There are lots of vegan burgers available that really don't BBQ well at all. Tofu based ones like Beannies do work, but will often split in two and need rescueing half way through cooking! I bought a vegan BBQing book a few years ago which is utter crap - it suggests using a baking tray on the BBQ with all recipes - what's the point?

You can get hickory chips that you throw on the coals to create smoke. It's a bit of a gimmick though and doesn't make a lot of difference. I've heard people say that various brands of liquid smoke are vegan, but I've not been interested enough to pursue it.

There are lots of great marinades available in UK supermarkets. Sainsburys have several that are labelled vegan - I generally use their TTD brown ale stuff on kebabs.
  • Fake burgers/sausages - Frys works the best (by far). Serve with plenty of relish, mayo and salad in a warm ciabatta roll (Sainsburys sell the best ones)
  • Kebabs - I usually do mushrooms, peppers, onion, smoked tofu, courgette. If you put a mushroom at either end then it stops the other things coming into direct contact with the grill and hence they're less likely to stick when marinaded
  • Mushrooms - Large mushrooms can be cooked on their own, either marinaded in source first or just in a little oil, soy sauce and mixed herbs. Press them down a few times during cooking to release excess moisture
  • Tofu - You can marinade firm tofu and cook directly on the grill if you fancy. It probably will stick though, so don't be surprised if it does!
  • Potato Waffles - BBQ remarkably well. Plus the leading brand is no longer owned by Unilever! :)

Steamed Cocktails

I realise that I'm probably missing the point of having an espresso machine.

I'll blog about coffee another time. In the meantime, I've found that various soya milk based cocktails work rather well when steamed.

The above was tonight's:
  • 1 shot Kahlua
  • 1/2 shot Frangelico
  • So Good (fresh)
Steamed directly in a whisky glass (foamed to 40oC, then plunged and heated to 60oC creating microfoam). It could probably be improved by adding some grated chocolate to the top - the foam's a bit bland otherwise.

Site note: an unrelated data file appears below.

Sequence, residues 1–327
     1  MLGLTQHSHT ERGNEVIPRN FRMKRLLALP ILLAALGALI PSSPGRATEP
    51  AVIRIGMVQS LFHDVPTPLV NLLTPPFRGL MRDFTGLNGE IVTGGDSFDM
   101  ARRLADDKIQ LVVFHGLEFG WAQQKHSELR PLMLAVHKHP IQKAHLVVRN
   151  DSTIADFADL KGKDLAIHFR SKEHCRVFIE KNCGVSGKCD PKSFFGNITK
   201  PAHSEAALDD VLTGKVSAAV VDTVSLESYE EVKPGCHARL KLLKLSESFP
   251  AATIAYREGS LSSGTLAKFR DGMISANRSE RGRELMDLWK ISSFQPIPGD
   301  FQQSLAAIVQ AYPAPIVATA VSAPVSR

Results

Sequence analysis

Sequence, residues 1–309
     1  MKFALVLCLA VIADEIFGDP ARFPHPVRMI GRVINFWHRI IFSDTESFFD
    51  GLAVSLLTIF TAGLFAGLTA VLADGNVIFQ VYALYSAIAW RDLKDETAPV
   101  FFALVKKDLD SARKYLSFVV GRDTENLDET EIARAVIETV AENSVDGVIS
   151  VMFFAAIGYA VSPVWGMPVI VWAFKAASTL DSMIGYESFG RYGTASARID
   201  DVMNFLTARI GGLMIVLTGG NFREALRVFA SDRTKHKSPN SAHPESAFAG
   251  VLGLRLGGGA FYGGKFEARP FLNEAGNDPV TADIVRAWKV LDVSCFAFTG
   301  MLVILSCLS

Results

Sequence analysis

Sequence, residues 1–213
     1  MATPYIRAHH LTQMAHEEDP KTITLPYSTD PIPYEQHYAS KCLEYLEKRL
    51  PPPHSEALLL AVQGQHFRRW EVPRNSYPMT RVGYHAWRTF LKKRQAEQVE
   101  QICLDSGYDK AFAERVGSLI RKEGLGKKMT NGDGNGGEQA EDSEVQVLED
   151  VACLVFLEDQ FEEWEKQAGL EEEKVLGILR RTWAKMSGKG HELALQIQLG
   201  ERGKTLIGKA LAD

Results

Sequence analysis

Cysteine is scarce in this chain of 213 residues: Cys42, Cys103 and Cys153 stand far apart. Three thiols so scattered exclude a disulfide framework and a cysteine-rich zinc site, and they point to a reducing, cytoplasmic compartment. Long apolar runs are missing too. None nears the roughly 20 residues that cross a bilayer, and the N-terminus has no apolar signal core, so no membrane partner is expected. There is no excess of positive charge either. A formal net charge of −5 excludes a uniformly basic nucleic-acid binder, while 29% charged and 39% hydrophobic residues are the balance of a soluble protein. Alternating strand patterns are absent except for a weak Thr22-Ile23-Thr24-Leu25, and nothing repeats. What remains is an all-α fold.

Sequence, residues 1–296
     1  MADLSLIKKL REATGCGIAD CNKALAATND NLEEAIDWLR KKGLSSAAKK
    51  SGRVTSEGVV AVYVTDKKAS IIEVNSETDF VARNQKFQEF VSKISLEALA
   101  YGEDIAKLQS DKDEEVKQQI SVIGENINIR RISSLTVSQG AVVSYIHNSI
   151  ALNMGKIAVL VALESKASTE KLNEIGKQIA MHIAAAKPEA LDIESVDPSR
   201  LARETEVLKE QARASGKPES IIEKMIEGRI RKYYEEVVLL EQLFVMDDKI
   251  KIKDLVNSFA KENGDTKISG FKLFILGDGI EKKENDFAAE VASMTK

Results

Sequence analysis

A while ago I poured a little creme de menthe into shot glasses, then topped with steamed chocolate alpro, topped with froth. Works really well.

I'll keep you updated :)

Bakewell Tart

I've tried many bakewell tart recipes from the interweb over the years and none have been quite right. Too stodgy, too moist, not almondy enough; just plain nasty.

Commercially available vegan cherry Bakewells exist in the UK, but they're also gluten free, overpriced and come with disgustingly cardboard-like pastry. It's been years since I've had a good tart (no pun intended).

Therefore, I started again from scratch.

I'm not really used to my recipes not working within 1 or 2 attempts, but this one took 7 iterations to get right.

I started with my basic sponge recipe: adding ground almonds and replacing vanilla with almond essence. The result wasn't nearly almondy enough though, and consistancy far too sponge like (funny that?).

By attempt 4 I'd really cut down the amount of flour and increased the almond content. Whilst this gave great flavour; I'd essentially created marzipan - too wet with soggy pastry underneath.

Eventually I came up with a set of ratios that actually work, give good flavour and the right consistancy (moist, but not too moist). It's effectively a sponge, but with the maximum amount of ground almond you can get away with and almond essense to boost the flavour.

Filling Ingredients:
  • 100g Ground Almonds
  • 60g White Sugar
  • 80g Self Raising Flour
  • 1/2 tsp Baking Power
  • 2 tbsp Sunflower Oil
  • 100ml Water
  • 3 tsp Almond Essense
  • Shortcrust Pastry
  • Fondant Icing
  • Half a Glace Cherry
  • Raspberry Jam
Start by making a pastry case. I use blocks of frozen Jusrol shortcrust; they're cheap, convenient, in every UK supermarket and certified vegan. Blocks are better than pre-rolled as they're cheaper and you can roll the pastry a bit thicker.

If you've too much time on your hands and want to make pastry from scratch; I assume that adding some ground almonds to the dough will improve the flavour.

Roll out the pastry, prick, cover with greaseproof paper and rice/beads, then bake in a greased pie dish for 25 mins at 200oC (180oC fan).

Allow to cool slightly, then carefully remove and place on a baking tray. Spread raspberry jam over the pastry (warming slightly if required); thicker than you would on toast but not insanely so.

Mix the dry filling ingredients together, then add the wet. It should come together in a nice semi-stiff batter that tastes almondy. Add a spoon more flour/water if required to get the consistancy right.